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|Full name||Yidnekatchew Tessema Eshete|
|Date of birth||11 September 1921|
|Place of birth||Jimma, Ethiopia|
|Date of death||19 August 1987(aged 65)|
|Place of death||Addis Ababa, Ethiopia|
|* Senior club appearances and goals counted for the domestic league only.
Yidnekatchew was born in Jimma to father Negadras Tessema Eshete and mother Mulatwa Gebreselassie. Yidnekatchew's father was serving his fifth year of exile from the country for being the Minister of Telegraph and Posts of the deposed Iyasu V of Ethiopia.
This never really affected the relationship between Yidnekatchew and Emperor Haile Selassie, the two are seen in many shots where Yidnekatchew humbly accepted another trophy from the emperor. At age four, Yidnekatchew was sent to Teferi Mekonnen School, where he would receive most of his education. At school, the young Yidnekatchew played many sports but mastered football. At age 8 he was even made captain of his school team. In his teens, he also practiced cycling, short distance running and boxing, but he always seemed destined for football, which led him to being recruited by a member of the Arada FC (now Saint-George SA).
The young Yidnekatchew took French, English and Italian classes and was fluent in all those languages besides Amharic.
He is considered as one of the country's biggest sporting heroes. He played and coached Ethiopian clubs and teams and founded the modern Ethiopian Sports office at age 22. As a player, he spent his entire career at Saint-George SA in Addis Ababa, joining the youth team in 1935 at age 14. Wearing the V across his chest he played 23 years straight with them including his youth years, a country record. Another record he holds is scoring 43 of 47 goals scored by his team in one competition season. When the Ethiopia national football team started playing international football in 1947, he was already 28 years old and the squad was vying for younger players, nevertheless he would get 15 caps to his name. His first cap was May 1, 1947 in a 5-0 victory over French Somaliland. His record for the country led him to coach the Ethiopia national football team, after his retirement as player for a glorious period, and in 1962, at age 41 when the African Cup of Nations was to be held in Ethiopia, he led them to their only championships in this respected tournament,beating Egypt 4-2 in the final. Ethiopian football was at its peak then, as Haile Selassie the emperor of Ethiopia awarded them the trophy.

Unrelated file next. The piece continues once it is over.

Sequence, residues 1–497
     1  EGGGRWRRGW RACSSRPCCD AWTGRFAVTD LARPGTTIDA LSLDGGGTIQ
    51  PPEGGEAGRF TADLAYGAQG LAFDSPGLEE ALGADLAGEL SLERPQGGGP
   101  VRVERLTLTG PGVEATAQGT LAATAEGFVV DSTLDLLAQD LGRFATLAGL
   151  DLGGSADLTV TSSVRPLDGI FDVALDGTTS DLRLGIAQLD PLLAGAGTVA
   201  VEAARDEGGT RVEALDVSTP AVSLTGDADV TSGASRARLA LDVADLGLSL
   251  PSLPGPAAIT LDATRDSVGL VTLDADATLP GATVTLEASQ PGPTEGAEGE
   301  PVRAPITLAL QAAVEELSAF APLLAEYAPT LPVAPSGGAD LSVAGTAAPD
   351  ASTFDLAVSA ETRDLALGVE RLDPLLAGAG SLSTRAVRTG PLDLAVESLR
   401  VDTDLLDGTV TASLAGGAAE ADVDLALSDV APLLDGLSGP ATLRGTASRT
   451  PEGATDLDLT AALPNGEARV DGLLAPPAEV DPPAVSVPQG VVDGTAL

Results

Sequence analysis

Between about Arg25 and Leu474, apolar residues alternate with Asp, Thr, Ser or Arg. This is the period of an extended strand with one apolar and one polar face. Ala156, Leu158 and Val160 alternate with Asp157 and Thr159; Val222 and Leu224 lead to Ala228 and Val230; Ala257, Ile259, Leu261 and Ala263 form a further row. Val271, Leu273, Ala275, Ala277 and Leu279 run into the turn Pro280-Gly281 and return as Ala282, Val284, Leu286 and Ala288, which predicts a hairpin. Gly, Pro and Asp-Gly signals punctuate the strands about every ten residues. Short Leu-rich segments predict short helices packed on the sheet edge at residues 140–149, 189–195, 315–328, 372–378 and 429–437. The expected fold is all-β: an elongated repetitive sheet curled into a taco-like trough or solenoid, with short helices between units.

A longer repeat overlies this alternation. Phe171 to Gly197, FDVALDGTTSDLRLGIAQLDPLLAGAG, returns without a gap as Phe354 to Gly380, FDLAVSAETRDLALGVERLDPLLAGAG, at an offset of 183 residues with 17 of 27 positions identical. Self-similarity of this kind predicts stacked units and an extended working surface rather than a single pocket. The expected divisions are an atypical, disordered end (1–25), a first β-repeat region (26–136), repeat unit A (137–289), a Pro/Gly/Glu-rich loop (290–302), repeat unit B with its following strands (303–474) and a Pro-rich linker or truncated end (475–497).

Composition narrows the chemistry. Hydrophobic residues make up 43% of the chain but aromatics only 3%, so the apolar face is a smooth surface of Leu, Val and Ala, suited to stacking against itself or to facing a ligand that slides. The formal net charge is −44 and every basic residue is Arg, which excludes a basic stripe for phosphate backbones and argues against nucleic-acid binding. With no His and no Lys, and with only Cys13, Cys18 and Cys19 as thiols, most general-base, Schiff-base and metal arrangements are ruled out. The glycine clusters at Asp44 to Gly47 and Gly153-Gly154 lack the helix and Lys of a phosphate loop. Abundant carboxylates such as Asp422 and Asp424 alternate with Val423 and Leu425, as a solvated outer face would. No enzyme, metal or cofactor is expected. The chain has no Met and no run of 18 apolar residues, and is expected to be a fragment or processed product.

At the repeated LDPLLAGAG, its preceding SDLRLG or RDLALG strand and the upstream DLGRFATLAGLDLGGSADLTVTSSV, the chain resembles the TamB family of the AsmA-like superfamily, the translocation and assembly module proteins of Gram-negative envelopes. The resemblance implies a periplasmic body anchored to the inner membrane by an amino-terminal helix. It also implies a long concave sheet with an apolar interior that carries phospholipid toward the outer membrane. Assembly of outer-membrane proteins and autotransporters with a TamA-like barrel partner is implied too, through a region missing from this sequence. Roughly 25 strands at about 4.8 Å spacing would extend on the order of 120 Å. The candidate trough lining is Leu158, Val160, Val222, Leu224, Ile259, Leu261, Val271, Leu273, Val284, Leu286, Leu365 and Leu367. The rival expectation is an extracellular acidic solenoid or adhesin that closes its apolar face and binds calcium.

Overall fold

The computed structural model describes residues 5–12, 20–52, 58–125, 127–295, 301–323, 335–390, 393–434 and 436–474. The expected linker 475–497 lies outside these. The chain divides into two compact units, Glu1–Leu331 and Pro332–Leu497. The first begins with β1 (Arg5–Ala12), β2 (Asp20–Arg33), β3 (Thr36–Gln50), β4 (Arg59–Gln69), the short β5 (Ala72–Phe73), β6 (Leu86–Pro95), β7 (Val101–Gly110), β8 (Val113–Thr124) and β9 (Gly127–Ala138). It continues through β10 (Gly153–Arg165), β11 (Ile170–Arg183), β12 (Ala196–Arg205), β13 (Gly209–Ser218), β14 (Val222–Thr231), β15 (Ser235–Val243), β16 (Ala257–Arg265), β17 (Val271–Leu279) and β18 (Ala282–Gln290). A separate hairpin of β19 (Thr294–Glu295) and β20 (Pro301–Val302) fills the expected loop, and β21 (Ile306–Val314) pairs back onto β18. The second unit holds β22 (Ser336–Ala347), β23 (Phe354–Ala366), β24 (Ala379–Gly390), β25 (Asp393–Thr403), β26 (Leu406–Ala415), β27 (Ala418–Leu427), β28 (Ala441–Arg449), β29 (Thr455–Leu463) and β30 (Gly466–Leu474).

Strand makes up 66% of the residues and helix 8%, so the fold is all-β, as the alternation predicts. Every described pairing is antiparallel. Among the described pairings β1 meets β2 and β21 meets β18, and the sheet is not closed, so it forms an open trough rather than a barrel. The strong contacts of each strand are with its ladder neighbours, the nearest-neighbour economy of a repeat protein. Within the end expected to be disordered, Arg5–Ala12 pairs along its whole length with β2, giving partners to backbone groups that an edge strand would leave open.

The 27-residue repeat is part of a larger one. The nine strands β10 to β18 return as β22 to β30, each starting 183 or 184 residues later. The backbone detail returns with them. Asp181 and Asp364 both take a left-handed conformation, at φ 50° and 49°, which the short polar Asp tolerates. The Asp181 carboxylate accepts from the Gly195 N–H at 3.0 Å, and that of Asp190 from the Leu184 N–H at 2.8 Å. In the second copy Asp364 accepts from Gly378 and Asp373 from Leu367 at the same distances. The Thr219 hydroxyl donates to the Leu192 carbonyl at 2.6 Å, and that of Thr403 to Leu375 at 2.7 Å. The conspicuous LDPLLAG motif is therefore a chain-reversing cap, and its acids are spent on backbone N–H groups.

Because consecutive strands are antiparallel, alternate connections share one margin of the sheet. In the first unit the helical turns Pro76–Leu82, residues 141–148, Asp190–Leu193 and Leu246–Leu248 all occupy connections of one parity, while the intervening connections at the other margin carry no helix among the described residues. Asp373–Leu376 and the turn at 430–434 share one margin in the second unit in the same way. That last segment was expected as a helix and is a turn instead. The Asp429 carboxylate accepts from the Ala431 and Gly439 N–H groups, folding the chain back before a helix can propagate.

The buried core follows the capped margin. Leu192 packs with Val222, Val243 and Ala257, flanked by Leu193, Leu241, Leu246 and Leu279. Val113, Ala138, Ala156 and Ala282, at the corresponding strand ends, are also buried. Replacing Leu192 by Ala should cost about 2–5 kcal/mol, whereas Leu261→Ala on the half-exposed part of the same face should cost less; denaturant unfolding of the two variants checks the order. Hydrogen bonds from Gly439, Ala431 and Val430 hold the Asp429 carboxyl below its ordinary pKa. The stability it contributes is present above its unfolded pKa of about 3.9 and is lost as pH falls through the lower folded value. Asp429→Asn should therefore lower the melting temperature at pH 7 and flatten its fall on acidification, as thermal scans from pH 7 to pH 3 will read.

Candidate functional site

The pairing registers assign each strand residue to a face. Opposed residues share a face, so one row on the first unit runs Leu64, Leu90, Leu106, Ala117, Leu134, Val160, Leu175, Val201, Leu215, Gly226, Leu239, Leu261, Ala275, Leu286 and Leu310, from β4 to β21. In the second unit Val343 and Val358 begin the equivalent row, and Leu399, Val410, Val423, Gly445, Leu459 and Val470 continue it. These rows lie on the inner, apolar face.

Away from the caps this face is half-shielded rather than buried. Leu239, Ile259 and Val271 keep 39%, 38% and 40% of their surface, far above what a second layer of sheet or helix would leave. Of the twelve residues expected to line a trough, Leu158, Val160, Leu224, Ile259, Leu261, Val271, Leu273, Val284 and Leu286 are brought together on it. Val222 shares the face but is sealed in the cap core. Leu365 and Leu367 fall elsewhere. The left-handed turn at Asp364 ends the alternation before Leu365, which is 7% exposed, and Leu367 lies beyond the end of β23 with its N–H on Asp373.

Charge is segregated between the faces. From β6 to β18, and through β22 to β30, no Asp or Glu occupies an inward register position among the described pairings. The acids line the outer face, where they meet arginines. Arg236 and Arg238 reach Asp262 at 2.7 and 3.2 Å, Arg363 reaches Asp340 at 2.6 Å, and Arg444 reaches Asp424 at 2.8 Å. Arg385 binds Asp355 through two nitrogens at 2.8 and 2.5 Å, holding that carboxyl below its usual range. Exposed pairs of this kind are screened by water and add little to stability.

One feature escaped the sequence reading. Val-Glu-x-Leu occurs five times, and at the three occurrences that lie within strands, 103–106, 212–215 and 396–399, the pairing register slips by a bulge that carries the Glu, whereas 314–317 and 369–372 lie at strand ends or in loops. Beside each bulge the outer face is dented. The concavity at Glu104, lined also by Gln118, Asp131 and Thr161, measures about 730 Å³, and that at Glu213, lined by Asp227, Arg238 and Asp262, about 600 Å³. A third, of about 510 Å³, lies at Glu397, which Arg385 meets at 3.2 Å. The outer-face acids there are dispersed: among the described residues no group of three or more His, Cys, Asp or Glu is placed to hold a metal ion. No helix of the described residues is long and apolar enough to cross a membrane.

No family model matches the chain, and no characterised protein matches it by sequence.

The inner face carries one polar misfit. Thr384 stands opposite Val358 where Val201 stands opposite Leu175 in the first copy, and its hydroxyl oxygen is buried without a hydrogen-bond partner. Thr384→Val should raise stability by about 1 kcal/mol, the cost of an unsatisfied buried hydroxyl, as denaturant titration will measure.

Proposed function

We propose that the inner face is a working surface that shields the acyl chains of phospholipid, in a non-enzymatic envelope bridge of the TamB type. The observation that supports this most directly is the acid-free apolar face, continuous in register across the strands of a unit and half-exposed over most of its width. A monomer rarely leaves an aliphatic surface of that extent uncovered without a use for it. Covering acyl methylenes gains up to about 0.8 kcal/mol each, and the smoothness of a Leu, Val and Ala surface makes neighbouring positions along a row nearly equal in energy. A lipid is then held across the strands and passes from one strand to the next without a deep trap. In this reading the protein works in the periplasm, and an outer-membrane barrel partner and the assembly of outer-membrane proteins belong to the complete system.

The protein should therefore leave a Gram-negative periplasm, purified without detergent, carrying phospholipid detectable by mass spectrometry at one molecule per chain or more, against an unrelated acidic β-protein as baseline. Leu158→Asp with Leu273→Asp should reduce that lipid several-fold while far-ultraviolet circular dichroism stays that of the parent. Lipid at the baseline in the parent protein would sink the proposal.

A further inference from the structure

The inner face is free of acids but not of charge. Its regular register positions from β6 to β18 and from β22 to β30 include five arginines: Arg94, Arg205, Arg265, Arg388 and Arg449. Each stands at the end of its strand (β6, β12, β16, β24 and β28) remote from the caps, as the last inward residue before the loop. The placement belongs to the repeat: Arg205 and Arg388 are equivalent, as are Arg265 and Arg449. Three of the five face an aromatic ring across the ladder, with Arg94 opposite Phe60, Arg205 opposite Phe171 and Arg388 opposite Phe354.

He would lead many Ethiopian sports delegations, including Ethiopia's Olympic teams to Rome 1960, to Tokyo 1964 and to Mexico 1968. Summer Olympics. He was the leader of the struggle that expelled apartheid South Africa from African Football in 1960, from the Olympics in 1971 and from FIFA in 1976.
Controversy after death
In January 2006, 19 years after Yidnekatchew's death, Koraonline, the official football magazine of Egypt 2006 criticised Yidnekatchew of being a dictator in charge of African sport. The article stated: "Yidnekatchew Tessema was elected in Cameroon 1972, to rule African Football with an iron hand for 15 years." Further, on Egypt's 2006 official site, instead of Yidnekatchew, they recorded that a Serbian coach by the name of Milosevic was the winning coach for Ethiopia instead of Yidnekatchew.
However, in team photos and clippings from that tournament, there is no sight of any European or foreigner among the Ethiopian players, and Yidnekatchew (who appears in many of the clippings himself) wearing a medal from that tournament.
Yidnekatchew died 18 August 1987 at the age of 65 due to long term illness. Until his death, he was the President of the Confederation of African Football, President of the Union of African Sports Confederations, honorary President of the Association of National Olympic Committees of Africa, Member of the Executive Committee of the Supreme Council for Sports in Africa and member of the International Olympic Committee. Africa saw him as an ambassador of Africa who took pride in athletic advancements made by the continent, and in March 1988, he was made Posthumous Honorary President of the African Football Confederation.